The majority (93.5%) of respondents were aged between 21 and 40 years. Only 10 (2%) were English speakers; others (98%) spoke Cantonese or Mandarin as their first language and completed the Chinese questionnaire. With regard to education level, 188 (38%) women had received tertiary education or above, 290 (58.6%) secondary education, and 14 (2.8%) primary education. There was no existing information about any association between pregnant woman or spousal occupation and compliance with or knowledge about seatbelt use. We therefore investigated whether occupation was a relevant factor, for example, driver and health care worker. Around half (n=216, 43.6%) of the women were housewives, 57 (11.6%) were professionals, and 14 (2.8%) were medical health care workers. Among spouses, 32 (6.5%) were drivers, two (0.4%) were medical health care workers, and 122 (24.6%) were professionals. Other occupations were unrelated to transportation or health care, including clerk, construction site worker, restaurant waiter, and chef. Overall, 439 (88.7%) women were Hong Kong residents, others were new immigrants or double-entry permit holders from Mainland China. Of the respondents, 477 (96.4%) women had attended regular antenatal check-ups, and 215 (43.4%) were first-time mothers.
Driving experience and mode of transport
Around half of the spouses (49.1%) but only 71 (14.3%) women held a Hong Kong driving licence. Among those women with a driving licence, only 16 (22.5%) drove daily, and seven (9.9%) only at weekends. Public transport was used daily by 300 (60.6%) women. Among different means of public transport, buses (53.7%) were the most commonly used but not all seats on buses have seatbelts. In public light buses and taxis, use of a seatbelt, if available, is mandatory: 38.6% and 15.2% of respondents used public light buses and taxis, respectively.
Use of a seatbelt before and during pregnancy
Of the respondents, 379 (76.6%) pregnant women reported using a seatbelt in the 6 months before pregnancy, but compliance was reduced as pregnancy progressed. Seatbelt use was reduced to 73.5% in the first trimester, 70.5% in the second trimester, and 67.1% in the third trimester (Table 1). There were 26 women who changed their behaviour from not wearing a seatbelt prior to pregnancy to wearing one after they became pregnant. Therefore the total number of ever seatbelt users was 405. Analysis of the knowledge score was performed by excluding these 26 women; the result showed a similar finding and statistical significance.

Table 1. Use of seatbelt before and during pregnancy
Reasons for not using a seatbelt during pregnancy
With regard to the reasons for not using a seatbelt at any time during pregnancy, 156 (89.1%) of 175 women stated that the seatbelt caused discomfort, 22 (12.6%) thought seatbelts were not useful, and 79 (45.1%) worried that they would cause harm to the fetus (Table 2). Apart from the three stated options in the questionnaire, several respondents stated that the travelling distance was usually short on public light buses and the time taken to buckle up and unfasten the seatbelt may delay other passengers. Other women admitted to being lazy or forgetful, or were just not in the habit of using a seatbelt. They also found seatbelts inconvenient because those on public transport were “not user-friendly”, “too short”, or were “dirty” (Table 2).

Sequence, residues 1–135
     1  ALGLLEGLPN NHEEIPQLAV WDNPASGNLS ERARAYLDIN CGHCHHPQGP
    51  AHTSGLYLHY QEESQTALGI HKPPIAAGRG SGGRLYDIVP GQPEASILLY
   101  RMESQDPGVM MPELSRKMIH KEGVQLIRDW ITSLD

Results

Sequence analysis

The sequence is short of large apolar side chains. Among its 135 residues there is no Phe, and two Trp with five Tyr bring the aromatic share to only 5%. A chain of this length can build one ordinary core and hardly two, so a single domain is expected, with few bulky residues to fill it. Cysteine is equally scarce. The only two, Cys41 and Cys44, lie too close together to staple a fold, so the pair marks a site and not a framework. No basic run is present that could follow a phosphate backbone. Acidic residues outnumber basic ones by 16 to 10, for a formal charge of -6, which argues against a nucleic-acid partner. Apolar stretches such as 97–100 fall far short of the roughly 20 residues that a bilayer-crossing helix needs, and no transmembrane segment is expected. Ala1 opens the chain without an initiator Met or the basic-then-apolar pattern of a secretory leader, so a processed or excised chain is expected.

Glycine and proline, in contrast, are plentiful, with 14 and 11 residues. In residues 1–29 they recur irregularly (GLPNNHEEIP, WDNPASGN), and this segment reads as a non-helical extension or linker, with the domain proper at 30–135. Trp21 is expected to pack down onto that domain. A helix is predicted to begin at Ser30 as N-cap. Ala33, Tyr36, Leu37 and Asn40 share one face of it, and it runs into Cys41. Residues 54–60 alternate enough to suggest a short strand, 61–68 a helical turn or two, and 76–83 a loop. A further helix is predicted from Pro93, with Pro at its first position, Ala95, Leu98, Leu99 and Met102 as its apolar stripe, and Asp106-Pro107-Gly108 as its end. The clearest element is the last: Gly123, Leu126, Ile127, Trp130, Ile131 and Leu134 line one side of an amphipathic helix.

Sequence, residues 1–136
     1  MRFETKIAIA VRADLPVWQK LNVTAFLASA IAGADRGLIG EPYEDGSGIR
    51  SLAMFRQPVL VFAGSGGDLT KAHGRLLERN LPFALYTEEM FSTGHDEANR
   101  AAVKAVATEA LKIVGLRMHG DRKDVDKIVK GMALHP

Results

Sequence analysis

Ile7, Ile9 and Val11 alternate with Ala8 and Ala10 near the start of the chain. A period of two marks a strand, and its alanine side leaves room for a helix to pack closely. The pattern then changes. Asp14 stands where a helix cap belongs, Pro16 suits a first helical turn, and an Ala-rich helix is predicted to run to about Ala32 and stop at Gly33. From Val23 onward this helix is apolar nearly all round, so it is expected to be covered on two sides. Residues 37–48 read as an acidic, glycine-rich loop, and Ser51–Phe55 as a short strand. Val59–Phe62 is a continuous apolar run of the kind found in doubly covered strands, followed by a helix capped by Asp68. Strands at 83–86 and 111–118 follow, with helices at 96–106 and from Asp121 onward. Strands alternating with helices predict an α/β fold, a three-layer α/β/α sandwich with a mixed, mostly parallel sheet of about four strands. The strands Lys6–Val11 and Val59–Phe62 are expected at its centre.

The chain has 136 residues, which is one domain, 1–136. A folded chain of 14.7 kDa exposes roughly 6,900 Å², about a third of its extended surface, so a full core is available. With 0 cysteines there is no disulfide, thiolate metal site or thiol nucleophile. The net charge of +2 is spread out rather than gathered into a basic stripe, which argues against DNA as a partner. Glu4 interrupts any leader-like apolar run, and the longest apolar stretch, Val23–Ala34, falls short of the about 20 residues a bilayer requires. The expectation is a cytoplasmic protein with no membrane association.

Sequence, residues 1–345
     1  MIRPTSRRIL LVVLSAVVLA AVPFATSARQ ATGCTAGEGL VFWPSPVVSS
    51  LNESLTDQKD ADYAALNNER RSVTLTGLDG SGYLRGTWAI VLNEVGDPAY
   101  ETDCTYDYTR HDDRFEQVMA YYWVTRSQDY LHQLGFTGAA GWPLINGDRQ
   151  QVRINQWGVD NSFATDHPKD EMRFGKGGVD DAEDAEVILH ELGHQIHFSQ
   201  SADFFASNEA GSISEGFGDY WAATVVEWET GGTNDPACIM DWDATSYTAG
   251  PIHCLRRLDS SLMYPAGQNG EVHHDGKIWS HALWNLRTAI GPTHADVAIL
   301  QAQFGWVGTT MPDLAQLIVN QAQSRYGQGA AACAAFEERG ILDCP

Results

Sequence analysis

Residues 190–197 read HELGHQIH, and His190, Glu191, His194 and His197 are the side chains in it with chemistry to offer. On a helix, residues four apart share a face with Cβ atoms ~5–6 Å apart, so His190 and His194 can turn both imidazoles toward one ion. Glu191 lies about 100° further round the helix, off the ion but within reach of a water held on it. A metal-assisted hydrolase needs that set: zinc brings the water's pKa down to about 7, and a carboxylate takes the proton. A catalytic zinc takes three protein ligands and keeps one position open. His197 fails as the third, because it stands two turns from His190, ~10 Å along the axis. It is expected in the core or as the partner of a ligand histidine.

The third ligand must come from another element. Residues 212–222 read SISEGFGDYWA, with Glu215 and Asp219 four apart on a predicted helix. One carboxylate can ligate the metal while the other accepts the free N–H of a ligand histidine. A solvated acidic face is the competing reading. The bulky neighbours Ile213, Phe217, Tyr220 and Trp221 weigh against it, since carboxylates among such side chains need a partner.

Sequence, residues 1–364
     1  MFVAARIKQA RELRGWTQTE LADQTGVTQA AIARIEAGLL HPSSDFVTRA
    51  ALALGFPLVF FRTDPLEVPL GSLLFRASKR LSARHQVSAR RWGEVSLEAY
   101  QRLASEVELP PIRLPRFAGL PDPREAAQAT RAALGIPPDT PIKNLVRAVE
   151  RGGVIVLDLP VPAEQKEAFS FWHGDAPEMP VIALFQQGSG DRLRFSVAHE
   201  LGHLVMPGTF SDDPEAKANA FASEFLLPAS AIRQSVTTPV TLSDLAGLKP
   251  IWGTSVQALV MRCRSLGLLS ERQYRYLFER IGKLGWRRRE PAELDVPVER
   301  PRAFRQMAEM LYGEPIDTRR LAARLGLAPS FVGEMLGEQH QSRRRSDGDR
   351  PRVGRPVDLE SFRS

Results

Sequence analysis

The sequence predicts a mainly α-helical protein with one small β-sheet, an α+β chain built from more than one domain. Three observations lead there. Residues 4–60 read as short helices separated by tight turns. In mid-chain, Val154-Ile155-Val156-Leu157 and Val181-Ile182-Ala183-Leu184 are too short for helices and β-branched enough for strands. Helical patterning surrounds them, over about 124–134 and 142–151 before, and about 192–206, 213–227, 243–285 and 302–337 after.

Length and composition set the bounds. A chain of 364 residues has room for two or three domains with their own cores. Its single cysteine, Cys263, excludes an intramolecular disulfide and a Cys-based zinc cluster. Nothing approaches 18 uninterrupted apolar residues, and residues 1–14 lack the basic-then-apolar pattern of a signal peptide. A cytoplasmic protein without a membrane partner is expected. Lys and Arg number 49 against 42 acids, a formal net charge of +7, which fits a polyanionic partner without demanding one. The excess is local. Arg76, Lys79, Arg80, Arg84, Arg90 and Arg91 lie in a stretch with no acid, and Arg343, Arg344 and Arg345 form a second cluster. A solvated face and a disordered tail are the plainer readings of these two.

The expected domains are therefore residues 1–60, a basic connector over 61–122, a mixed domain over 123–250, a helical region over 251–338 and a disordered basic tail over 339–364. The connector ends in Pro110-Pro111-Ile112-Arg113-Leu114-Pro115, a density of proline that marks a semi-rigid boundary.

Table 2. Reasons for not using a seatbelt
Knowledge of seatbelt use during pregnancy
Of the respondents, 216 (43.6%) correctly answered that pregnant women are not exempted from seatbelt use according to the Road Traffic Ordinance. The remaining 56.4% either answered wrongly or did not know the answer. Approximately 52.7% women correctly pointed out that appropriate use of a seatbelt will not harm the fetus. Although around half of the women wrongly believed that pregnant women are exempted from seatbelt legislation or that use of a seatbelt will harm the fetus, 358 (72.3%) stated that pregnant women should wear a seatbelt. When the three-point seatbelts were shown on the diagrams, 403 (81.4%) women could identify the correct way of wearing the seatbelt with the lap strap placed below the bump, not over it (Table 3).

Table 3. Knowledge of seatbelt use (seatbelt users vs non-users)
Among all the respondents, 90 (18.2%) women never wore a seatbelt, and the other 405 (81.8%) were seatbelt users either before or during pregnancy. Comparison of responses revealed that never wearers of a seatbelt had significantly poorer knowledge in three of the four questions about seatbelt use during pregnancy (P<0.05) [Table 3].
Information about seatbelt use during pregnancy
Information about seatbelt use had been received by only 32 (6.5%) women. Among them, 13 (40.6%) had derived the information from the internet, others from staff of a government and private clinic, magazine, and publications of Transport Department. Seven (21.9%) received information from friends or family members; one had a car accident during pregnancy and was given relevant information by health care workers at the Accident and Emergency Department. Most (n=426, 86%) women expressed the view that information about seatbelt use during pregnancy was useful and necessary.